Hearing Loss Misconceptions

April 20, 2020 8:07 pm Published by Leave your thoughts

Hearing loss is an invisible disability. Unless your hearing aids or other assistive listening devices are obvious, most people won’t notice that you’re hard of hearing until they realize that you’re not fully understanding what they say.

If you haven’t addressed your hearing loss in California, you’re not alone—only about 20 percent of people with hearing disabilities have sought medical assistance. Studies have shown that while access to healthcare and income are major factors, often this lack of care is due to some common misconceptions about hearing loss. Here are some examples of those misconceptions:

  • I’m too young to have hearing loss: Many people wrongfully assume that hearing loss doesn’t set in until you’re in your 60s or older. Unfortunately, hearing loss can happen at any age—especially if you frequent loud concerts or work in noisy manufacturing- or construction-related professions without using ear protection. If you notice a decline in your hearing, get it checked immediately.
  • I’ll have to learn sign language: No, not everyone with hearing loss is required to learn American Sign Language—although it never hurts to know how to communicate with people who are severely hearing impaired. Many people get by with basic hearing aids.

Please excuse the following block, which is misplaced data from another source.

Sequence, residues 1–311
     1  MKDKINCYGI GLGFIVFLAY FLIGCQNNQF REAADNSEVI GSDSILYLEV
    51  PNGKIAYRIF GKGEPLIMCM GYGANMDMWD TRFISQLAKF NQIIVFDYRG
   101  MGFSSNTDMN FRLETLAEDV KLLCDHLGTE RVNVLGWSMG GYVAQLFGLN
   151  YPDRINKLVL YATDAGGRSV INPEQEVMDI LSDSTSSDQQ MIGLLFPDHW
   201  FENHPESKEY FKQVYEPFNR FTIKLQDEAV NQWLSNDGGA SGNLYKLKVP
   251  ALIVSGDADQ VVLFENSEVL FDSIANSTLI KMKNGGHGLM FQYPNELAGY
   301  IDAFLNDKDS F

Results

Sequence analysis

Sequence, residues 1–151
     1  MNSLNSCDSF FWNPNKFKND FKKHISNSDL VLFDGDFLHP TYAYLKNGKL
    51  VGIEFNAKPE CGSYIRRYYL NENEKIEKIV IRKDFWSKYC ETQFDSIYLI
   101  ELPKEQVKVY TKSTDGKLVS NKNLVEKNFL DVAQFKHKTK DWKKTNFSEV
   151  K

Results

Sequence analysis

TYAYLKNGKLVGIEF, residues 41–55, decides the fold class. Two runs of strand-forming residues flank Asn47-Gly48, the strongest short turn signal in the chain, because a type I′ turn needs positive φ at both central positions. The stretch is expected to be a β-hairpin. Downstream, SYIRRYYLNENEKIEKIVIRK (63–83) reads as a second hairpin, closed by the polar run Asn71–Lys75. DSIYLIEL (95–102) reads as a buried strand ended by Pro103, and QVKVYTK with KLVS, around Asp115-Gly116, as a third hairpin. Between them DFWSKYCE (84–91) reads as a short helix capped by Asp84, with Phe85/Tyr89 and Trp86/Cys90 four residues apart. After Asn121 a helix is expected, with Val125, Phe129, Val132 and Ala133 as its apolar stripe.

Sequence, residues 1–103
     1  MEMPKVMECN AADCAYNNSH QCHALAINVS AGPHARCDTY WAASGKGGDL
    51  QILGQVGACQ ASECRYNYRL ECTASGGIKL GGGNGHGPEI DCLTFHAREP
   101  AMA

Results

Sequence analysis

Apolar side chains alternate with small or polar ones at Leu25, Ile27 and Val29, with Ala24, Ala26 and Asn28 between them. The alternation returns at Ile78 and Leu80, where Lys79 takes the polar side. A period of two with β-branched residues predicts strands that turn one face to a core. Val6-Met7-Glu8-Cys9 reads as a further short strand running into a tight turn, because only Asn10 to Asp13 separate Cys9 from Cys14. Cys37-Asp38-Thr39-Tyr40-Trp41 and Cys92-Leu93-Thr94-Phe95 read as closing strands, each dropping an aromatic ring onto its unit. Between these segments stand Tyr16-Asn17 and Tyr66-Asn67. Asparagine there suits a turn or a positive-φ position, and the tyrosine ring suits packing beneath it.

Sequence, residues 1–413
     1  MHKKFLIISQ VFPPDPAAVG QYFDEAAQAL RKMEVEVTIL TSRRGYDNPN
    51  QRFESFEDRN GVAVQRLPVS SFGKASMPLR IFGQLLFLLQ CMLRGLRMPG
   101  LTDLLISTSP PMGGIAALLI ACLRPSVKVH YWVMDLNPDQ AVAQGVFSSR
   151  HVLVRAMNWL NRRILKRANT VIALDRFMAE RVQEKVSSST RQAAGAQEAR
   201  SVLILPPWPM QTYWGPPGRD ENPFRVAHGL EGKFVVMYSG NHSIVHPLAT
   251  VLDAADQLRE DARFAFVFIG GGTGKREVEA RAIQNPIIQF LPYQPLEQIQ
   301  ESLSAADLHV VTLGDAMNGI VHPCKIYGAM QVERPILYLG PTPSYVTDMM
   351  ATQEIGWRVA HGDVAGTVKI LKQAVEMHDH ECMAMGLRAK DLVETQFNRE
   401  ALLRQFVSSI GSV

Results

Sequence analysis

• I’ll just read lips: Whether you think you can read lips or your hearing-impaired friend can, lip reading is not an exact art—it’s more of a context clue. Reading lips is no substitute for an assistive listening device.
  • Most people are just pretending they can’t hear you: One of the most toxic misconceptions about the hearing impaired is that they have “selective” hearing as a way to deal with things that they don’t want to confront. This is categorically untrue.
  • My family isn’t deaf, so I’m not, either: Deafness is not necessarily hereditary—you can lose your hearing quite randomly, as well as from illness or noise exposure.
  • If people talk louder, I’ll hear them better: If a person is truly hearing impaired, it’s not actually helpful to talk louder and slower unless they specifically say so. Hearing loss usually isn’t like having the volume turned down—it’s like having the sound distorted.
  • I’m too pretty to wear hearing aids: Maybe your only experience with someone wearing hearing aids was your grandpa, who had an early ‘90s model with giant battery compartments over the ears. No, they’re not the most flattering look—but hearing aids have come a long way in the last 30 years. There are plenty of nearly-invisible options that won’t affect your style.
  • I’ll just get surgery to fix it: Unfortunately, there’s no cure for hearing loss—although in some cases, a cochlear implant can help.

Get help with hearing loss in California

If you’re experiencing or suspect you may be dealing with hearing loss in California, Valley Hearing Center – Salinas can help. Since 1963, we have been offering patient-oriented audiology services, including free hearing tests, hearing aids and other assistive listening devices, custom ear molds and more. Call us today to learn more about our services.

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